The push for greater pricing transparency also has become more urgent. While it’s driven, in part, by regulatory requirements, customers are also exerting pressure in this area, especially corporates that increasingly demand a single view of their banking relationship. Customers want to understand their actual costs and the value gained for the services provided and fees assessed.
While the quest for transparency continues, forward-looking financial institutions are also focusing on gaining a better understanding of their clients’ objectives. The combination of transparency, customer education, and a clear understanding of customer goals is a potent recipe for success. Consider this example from the wealth management sector: Wealth managers can increase their revenues by 8% to 12% by being smarter on pricing, according to BCG. To achieve this potential, institutions must adopt “a more nuanced and tech-driven approach in which pricing drives value and enables relationships. The first step is to invest in understanding individual clients better.”
Financial institutions need a strategic pricing and revenue management approach that can help them make faster, smarter pricing decisions, while meeting revenue goals and heightened customer expectations.
A traditional pricing and revenue management strategy calculates fees and prepares invoices by treating all customers the same. But customers are not one-size-fits-all, nor are their buying patterns and circumstances. For example, in a one-time purchase scenario, revenue recognition is straightforward, but with a recurring purchase, revenue has to be recognized over time. A strategic approach enables banks to set pricing based on the expected scenario, and to anticipate changing needs and adjust accordingly. They avoid leaving money on the table, identify potential cross-selling and/or upselling opportunities, and can convert one-time customers into repeat or lifetime customers. Ultimately, the goal is to sell the right product to the right customer at the right time for the right price.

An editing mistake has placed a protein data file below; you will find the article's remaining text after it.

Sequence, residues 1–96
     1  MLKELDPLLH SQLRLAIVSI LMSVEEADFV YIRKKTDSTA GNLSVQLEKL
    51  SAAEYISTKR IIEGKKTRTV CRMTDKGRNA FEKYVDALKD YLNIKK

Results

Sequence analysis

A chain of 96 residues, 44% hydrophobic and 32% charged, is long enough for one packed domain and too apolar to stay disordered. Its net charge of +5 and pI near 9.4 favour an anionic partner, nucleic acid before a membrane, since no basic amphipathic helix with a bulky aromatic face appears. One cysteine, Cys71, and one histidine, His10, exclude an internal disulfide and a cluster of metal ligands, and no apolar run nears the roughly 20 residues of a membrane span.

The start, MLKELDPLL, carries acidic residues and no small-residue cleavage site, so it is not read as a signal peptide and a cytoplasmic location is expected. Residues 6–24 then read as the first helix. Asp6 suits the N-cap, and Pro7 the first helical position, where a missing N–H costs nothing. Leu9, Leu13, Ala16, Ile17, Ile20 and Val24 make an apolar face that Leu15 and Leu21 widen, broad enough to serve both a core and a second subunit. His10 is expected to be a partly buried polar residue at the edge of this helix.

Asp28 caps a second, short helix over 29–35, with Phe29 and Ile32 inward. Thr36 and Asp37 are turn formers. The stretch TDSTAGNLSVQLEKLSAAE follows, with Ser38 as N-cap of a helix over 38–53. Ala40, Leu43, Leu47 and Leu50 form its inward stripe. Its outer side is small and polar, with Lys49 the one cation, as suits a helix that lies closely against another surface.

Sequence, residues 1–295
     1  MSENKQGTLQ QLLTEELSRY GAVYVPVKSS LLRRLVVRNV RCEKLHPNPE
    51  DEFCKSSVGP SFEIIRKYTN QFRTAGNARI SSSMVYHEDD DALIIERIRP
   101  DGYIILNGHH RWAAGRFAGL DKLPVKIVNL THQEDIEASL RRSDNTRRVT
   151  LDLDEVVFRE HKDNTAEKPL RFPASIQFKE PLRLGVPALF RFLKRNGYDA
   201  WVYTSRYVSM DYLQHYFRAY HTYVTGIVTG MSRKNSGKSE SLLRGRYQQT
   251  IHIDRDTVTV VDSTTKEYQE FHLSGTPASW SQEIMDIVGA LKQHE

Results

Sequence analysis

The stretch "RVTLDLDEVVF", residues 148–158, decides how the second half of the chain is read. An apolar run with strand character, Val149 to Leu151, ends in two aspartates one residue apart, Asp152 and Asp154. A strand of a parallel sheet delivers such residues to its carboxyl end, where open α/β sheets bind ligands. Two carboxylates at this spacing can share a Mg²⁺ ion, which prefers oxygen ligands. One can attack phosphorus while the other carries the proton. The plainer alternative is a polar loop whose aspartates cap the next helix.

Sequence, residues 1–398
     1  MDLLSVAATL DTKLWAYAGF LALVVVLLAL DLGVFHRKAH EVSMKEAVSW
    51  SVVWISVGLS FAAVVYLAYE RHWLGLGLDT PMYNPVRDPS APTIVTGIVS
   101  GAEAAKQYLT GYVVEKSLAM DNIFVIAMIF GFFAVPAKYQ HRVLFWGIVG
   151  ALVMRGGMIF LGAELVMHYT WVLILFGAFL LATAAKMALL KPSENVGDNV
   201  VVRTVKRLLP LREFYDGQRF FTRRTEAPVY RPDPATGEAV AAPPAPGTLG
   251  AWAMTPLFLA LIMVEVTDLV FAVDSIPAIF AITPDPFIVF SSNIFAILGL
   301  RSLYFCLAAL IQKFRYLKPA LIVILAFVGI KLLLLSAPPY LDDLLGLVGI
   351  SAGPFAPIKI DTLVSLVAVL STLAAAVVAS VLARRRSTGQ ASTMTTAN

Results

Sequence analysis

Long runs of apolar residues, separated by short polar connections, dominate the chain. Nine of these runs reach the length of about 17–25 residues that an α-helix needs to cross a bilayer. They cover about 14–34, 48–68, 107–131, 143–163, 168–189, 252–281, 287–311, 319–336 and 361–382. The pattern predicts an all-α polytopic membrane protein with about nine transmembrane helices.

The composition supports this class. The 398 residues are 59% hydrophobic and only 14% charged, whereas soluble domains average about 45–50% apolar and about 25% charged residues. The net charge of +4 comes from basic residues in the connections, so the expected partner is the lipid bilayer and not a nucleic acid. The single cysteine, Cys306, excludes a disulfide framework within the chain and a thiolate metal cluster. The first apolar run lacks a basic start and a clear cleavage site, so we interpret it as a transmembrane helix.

In the wake of decades of merger and acquisition activity as well as the challenges of taking on the impending modernization of mission-critical technology, financial institutions are left with a patchwork of disparate systems and often manual processes for managing pricing, billing, and collections functions. These legacy systems and approaches—which are mostly product-centric versus customer-centric—are redundant, expensive to maintain, and prone to errors. They do not provide the insight and agility required to implement a disciplined enterprise-wide pricing strategy that balances profitability, optimizes revenue and helps to foster stronger customer relationships.
Rethinking the foundation
Institutions seeking to improve their pricing strategies should look for a solution that unifies operations in a complete pricing and billing platform, simplifies operations with streamlined and automated processes, and amplifies experiences with customer-centric billing and pricing. Some things to look for include:
Oracle has invested in Oracle Revenue Management and Billing to help institutions fuel their top-line growth and strengthen customer relationships in the face of profitability headwinds. As a cloud-based solution, customers can realize rapid time-to-value without the capital investment.